By Leo Valiquette
Alex’s post on Monday about the economic necessity of supporting investment in more women-led startups is all the more timely as it comes the same week that we cheer the release of Startup Canada’s Action Plan to drive economic development, job creation and innovation coast to coast.
During its 40-city Canadian tour over the past year, Startup Canada confirmed what those of us involved with the startup community already know:
- Canadians in general are hyper-rational and risk averse, and view entrepreneurship with disbelief, mistrust and apathy.
- Young people are often unaware of what it means to be an entrepreneur, and are not educated in the basics of what it takes to launch and grow a business.
- Young people are often dissuaded by parents, school guidance counsellors and other influencers from pursuing entrepreneurship as a career path.
By Alexandra Reid
Maple Leaf Angels is working with Canadian Women in Technology to create investment opportunities between angels and women-led startup companies.
More than 60 angel investors, entrepreneurs, partners and sponsors filled a room in Toronto last week to hear about why such investments are vital for Canada and to listen to pitches from some high-potential early-stage technology companies led by women.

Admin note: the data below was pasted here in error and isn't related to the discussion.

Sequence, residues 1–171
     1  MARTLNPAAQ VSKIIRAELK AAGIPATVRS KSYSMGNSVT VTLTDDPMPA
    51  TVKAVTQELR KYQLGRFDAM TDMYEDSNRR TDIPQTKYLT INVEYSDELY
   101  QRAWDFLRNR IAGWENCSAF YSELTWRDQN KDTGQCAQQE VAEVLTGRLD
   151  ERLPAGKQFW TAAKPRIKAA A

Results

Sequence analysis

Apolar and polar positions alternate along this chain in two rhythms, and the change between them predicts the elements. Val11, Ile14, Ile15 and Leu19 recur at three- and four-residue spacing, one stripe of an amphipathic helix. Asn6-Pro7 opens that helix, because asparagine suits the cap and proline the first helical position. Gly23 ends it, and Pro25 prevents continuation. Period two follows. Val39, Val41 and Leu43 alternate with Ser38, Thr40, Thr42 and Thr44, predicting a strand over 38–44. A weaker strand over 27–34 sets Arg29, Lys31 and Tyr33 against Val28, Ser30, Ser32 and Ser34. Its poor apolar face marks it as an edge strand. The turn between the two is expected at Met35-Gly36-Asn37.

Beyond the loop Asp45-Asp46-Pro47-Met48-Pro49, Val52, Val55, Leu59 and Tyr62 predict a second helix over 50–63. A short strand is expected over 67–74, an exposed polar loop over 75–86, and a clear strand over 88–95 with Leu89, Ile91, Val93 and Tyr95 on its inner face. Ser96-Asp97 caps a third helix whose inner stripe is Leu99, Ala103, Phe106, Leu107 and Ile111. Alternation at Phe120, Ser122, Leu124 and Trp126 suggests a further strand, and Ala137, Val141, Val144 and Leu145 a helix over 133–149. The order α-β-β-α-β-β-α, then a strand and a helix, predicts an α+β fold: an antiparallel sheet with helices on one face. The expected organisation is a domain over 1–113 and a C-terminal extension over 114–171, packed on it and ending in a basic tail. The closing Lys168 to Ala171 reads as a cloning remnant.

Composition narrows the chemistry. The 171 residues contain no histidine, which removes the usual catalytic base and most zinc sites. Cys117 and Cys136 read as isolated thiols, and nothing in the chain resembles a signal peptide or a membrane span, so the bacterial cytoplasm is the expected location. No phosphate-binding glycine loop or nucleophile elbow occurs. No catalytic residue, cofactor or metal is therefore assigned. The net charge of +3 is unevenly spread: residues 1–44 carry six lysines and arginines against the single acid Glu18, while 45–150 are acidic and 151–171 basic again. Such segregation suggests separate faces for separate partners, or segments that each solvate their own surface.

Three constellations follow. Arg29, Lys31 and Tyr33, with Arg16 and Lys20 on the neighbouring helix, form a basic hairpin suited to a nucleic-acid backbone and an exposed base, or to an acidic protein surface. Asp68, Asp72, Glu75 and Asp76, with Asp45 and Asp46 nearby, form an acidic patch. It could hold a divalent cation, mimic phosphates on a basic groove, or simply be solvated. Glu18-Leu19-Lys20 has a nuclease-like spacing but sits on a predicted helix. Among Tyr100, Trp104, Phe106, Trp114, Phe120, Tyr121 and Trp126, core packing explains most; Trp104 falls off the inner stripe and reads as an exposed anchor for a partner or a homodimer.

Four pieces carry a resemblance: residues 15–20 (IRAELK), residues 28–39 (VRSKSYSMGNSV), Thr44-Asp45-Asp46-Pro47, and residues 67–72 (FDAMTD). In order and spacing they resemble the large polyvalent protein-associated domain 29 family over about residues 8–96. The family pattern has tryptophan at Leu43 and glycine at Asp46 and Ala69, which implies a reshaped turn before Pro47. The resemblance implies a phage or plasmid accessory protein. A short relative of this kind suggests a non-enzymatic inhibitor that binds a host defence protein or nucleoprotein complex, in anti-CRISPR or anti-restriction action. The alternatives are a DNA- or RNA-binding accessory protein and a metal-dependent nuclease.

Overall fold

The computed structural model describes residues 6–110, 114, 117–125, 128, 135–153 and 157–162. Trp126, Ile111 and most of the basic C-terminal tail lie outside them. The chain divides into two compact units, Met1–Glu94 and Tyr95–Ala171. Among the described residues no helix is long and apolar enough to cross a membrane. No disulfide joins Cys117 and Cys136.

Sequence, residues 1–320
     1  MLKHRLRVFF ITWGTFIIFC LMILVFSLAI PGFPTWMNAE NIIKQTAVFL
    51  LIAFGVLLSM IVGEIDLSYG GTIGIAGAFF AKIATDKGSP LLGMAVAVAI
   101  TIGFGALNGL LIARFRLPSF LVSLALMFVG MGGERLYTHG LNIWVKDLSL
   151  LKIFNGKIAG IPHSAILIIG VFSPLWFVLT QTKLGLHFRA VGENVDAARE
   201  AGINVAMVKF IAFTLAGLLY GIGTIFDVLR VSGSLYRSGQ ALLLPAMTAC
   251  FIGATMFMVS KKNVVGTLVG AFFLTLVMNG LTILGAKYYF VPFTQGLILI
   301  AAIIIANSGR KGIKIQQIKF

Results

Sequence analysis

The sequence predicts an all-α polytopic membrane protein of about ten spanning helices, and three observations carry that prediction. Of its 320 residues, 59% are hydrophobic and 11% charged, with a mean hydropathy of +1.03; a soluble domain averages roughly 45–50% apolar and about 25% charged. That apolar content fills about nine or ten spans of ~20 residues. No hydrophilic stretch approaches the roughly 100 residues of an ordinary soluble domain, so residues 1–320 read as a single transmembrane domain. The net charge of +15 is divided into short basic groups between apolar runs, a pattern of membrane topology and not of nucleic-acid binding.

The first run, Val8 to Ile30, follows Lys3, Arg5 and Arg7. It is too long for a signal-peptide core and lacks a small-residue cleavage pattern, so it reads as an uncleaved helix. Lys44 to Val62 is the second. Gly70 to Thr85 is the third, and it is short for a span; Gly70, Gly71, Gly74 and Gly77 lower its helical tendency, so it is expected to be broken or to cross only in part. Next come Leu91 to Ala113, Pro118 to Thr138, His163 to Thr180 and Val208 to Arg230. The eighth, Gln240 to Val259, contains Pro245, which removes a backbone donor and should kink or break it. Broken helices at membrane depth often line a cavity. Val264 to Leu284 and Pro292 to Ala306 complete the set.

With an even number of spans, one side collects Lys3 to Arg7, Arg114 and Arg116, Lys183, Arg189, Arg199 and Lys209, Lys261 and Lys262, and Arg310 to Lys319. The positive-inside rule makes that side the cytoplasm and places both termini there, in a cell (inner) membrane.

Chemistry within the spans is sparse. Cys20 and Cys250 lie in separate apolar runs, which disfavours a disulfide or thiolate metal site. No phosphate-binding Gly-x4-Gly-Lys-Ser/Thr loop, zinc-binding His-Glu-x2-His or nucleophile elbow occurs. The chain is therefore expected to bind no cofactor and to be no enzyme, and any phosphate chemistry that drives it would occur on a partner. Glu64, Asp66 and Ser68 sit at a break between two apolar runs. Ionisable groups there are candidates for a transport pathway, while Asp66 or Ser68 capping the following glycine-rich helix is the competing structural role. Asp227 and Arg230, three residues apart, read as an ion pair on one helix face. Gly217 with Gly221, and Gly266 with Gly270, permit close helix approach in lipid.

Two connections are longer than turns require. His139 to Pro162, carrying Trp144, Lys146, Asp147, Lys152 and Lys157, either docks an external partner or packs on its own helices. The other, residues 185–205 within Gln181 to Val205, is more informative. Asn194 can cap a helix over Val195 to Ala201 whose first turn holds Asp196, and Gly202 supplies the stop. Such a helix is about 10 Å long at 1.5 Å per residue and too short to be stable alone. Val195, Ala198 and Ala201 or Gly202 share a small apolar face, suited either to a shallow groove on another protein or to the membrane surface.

In her speech, Dr. Cindy Gordon, a startup founder and former VC who also co-founded MLA, directed the Canadian Advanced Technology Alliance and chaired CanWit, brought some valuable context to the conversation.
“In order for us to really be successful in supporting women in technology, we have to recognize that we have some fundamental issues that are catastrophic to this country,” said Dr. Gordon. “This is not a women’s issue. It’s a business imperative.”
By Linda Forrest
Reading yesterday’s post about the role formal education plays in entrepreneurship, I was reminded of an article I read a few months ago about the “real reason women quit engineering.”
In Stemming The Tide: Why Women Leave Engineering, two University of Wisconsin-Milwaukee professors report on their survey of over 3,700 women with engineering degrees. They found that just one in four women who had left the field reported doing so to spend more time with family. One third left “because they did not like the workplace climate, their boss or the culture,” while almost half departed due to “working conditions, too much travel, lack of advancement or low salary” (respondents were allowed to check more than one reason). The researchers also found that among women who got engineering degrees but never entered the field, a third made that decision “because of their perceptions of engineering as being inflexible or the engineering workplace culture as being non-supportive of women.” And, unsurprisingly, “Women engineers who were treated in a condescending, patronizing manner, and were belittled and undermined by their supervisors and co-workers were most likely to want to leave their organizations.”